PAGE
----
Alberto is a terrible husband, lacking empathy, warmth and trust so essential in a marriage. He is away from their home for long stretches of time and resorts to lies to cover up his absences. But it’s imminently clear to both the reader and our narrator that he is secretly seeing the only woman he has ever loved – Giovanna – who, ironically, is married to another man and has a child of her own.

As the drama unfolds, the reader increasingly begins to feel that the narrator’s life before marriage had its merits after all. Atleast she was independent then even if her circumstances were far from ideal. On some level, the narrator is painfully aware of this. And so it’s fascinating that she prefers to remain wedded to her flighty husband rather than part ways and reclaim some dignity. However, so fearful is she of loneliness that she mistakenly equates being alone with being lonely. Her way of thinking is in striking contrast to that of her cousin and confidante, Francesca, who revels in living life on her own terms and refuses to be tied down to any committed relationships.

The Dry Heart, then, is a novella that takes us into the anxiety riddled mind of a woman trapped in a loveless union – her insecurities, her dashed expectations, her inability to walk away when there are clear signals telling her to do so, and the circumstances that compel her to eventually crack. It’s a tale that plunges into the chilly waters of loneliness, desperation and bitterness. The prose is stripped of any sentimentality, the narrator’s voice is unemotional, unvarnished…she states things the way they are, and if her seething rage is palpable, it just about stays under the surface, always in control.

I have only read two books by Ginzburg but it’s apparent that she excels at depicting a range of oddities in relationships, whether it’s the quirks and foibles of various family members as seen in Family Lexicon, or the shortcomings and failures in marriage as in this novella.

Chilling, direct in what it wants to convey and deceptively simple, The Dry Heart charges ahead at the pace of a thriller but without any liberal doses of twists and turns that are so definitive of the genre, and it’s all the more powerful because of that. It’s an absorbing story where Ginzburg, through the magic of her writing, transforms the raw material of a dull marriage into a unique, rich finished product brimming with psychological depth.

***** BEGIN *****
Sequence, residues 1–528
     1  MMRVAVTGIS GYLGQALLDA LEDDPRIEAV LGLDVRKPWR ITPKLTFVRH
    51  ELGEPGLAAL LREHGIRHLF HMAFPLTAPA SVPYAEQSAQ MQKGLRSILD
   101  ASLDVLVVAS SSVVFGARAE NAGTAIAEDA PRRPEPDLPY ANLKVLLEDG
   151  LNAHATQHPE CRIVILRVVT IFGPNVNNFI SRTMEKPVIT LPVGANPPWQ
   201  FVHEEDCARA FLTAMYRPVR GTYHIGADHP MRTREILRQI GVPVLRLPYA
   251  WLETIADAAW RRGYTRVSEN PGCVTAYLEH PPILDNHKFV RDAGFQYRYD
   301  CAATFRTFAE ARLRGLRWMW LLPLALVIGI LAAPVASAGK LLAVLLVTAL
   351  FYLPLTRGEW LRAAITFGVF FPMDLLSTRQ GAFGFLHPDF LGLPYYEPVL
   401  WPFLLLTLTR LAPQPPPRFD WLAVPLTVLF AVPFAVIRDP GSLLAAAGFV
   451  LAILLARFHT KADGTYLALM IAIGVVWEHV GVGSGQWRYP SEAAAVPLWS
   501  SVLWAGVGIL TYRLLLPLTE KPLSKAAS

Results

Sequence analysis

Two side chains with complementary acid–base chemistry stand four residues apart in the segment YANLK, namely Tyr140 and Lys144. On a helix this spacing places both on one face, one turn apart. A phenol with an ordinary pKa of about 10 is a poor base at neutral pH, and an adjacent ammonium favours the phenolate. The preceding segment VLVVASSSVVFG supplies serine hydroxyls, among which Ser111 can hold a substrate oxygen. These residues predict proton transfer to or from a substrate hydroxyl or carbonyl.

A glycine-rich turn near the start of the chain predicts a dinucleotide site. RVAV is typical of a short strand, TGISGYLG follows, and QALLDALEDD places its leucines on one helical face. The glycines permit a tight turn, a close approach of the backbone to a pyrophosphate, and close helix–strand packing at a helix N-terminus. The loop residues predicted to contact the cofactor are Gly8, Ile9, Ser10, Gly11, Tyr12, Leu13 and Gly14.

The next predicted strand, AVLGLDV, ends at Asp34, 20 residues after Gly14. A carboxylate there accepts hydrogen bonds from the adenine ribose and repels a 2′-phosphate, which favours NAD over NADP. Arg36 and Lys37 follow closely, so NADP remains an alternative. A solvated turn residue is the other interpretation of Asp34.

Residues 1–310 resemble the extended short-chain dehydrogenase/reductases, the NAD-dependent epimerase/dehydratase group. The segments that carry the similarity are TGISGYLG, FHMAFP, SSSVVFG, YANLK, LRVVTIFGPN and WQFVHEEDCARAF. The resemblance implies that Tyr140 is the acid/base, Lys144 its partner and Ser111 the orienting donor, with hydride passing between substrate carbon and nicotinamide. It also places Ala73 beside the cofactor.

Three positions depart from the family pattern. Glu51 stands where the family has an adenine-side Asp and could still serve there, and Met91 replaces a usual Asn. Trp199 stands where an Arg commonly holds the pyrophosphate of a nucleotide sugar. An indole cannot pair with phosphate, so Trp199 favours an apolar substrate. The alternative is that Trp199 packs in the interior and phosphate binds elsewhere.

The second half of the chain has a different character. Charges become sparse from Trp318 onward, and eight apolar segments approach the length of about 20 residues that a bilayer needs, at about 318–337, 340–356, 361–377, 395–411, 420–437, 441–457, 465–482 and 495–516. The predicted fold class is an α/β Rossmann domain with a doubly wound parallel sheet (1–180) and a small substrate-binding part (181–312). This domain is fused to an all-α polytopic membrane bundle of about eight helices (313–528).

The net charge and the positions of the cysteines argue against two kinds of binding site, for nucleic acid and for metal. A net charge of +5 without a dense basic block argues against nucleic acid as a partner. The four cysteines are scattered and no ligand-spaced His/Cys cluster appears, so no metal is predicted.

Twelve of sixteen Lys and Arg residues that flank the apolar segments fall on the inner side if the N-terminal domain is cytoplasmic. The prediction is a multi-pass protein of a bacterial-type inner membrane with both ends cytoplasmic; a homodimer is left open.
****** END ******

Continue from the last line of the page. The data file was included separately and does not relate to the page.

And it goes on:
Fascinatingly, it ends just as it begins…

I shot him between the eyes.

Last Stories – William Trevor

William Trevor’s Last Stories is an exquisite collection of tales featuring lonely lives, individuals resigned to a quiet existence, love not panning out as desired, and finding contentment in small things.

As tends to be the case with any short story collection, some of the stories were very strong, while others failed to hit the mark. For the purposes of this review, I will focus on the ones that made an impression on me because in a sense they also form the essence of the whole collection.

One of my favourite stories, At the Caffé Daria, is a tale of two women – Anita and Claire – good friends once upon a time but no longer. Anita is now a publisher’s reader and frequently visits Caffé Daria as part of her daily routine. On one of these visits, she runs into Claire who informs her that her husband recently died. The death of Claire’s husband brings back a flood of painful memories, as Anita recalls a past tarnished by betrayal. The reader is made aware of Anita and Claire’s friendship when they were dancers in a troupe called Fireflies. During this period, Anita agrees to marry an older man, who declares his undying love for her, and chooses to settle down. But while she is content with married life, her husband abandons her for Claire, leading to a rift in their friendship. When the man dies, in a fit of loneliness, Claire seeks out Anita, but will the latter find it in her heart to let be bygones be bygones? This is a brilliant piece on how betrayal can tilt the delicate balance of friendship, on how loneliness and anger afflict the two women as they cope with abandonment.

Claire cherishes in her lonely solitude what Anita, in hers, too late embraces now: all that there was before love came, when friendship was the better thing.

What is the price one is willing to pay to harness talent? At the heart of The Piano Teacher’s Pupil, is our protagonist Miss Elizabeth Nightingale, a woman in her early fifties, “slender, softly spoken, with a quiet beauty continuing to distinguish her features.” Miss Nightingale, now all by herself, gives music lessons in the same rooms where she spent most of her childhood and also carried out her secret love affair with a married man. Her parents are now no more, and the affair fizzles out, but Miss Nightingale is not a bitter woman, for “after all there was the memory of a happiness.” When a child prodigy begins to take piano lessons from her she is dazzled by his talent, until, she realizes he is equally adept at stealing objects from her room.

She had sought too much in trying to understand how human frailty connected with love or with the beauty that the gifted brought. There was a balance struck: it was enough.